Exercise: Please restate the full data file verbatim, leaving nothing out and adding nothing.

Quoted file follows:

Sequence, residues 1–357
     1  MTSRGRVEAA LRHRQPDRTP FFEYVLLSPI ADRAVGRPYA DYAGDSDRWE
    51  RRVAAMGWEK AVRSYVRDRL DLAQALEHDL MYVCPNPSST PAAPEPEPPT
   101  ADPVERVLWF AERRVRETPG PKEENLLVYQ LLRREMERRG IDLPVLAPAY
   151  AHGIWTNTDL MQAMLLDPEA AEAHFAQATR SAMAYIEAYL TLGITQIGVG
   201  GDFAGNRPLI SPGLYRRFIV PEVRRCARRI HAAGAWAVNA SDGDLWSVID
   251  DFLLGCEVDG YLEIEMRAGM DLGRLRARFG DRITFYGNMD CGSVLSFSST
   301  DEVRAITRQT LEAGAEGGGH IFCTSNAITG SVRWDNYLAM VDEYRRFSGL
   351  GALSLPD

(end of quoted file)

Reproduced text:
Sequence, residues 1–357
     1  MTSRGRVEAA LRHRQPDRTP FFEYVLLSPI ADRAVGRPYA DYAGDSDRWE
    51  RRVAAMGWEK AVRSYVRDRL DLAQALEHDL MYVCPNPSST PAAPEPEPPT
   101  ADPVERVLWF AERRVRETPG PKEENLLVYQ LLRREMERRG IDLPVLAPAY
   151  AHGIWTNTDL MQAMLLDPEA AEAHFAQATR SAMAYIEAYL TLGITQIGVG
   201  GDFAGNRPLI SPGLYRRFIV PEVRRCARRI HAAGAWAVNA SDGDLWSVID
   251  DFLLGCEVDG YLEIEMRAGM DLGRLRARFG DRITFYGNMD CGSVLSFSST
   301  DEVRAITRQT LEAGAEGGGH IFCTSNAITG SVRWDNYLAM VDEYRRFSGL
   351  GALSLPD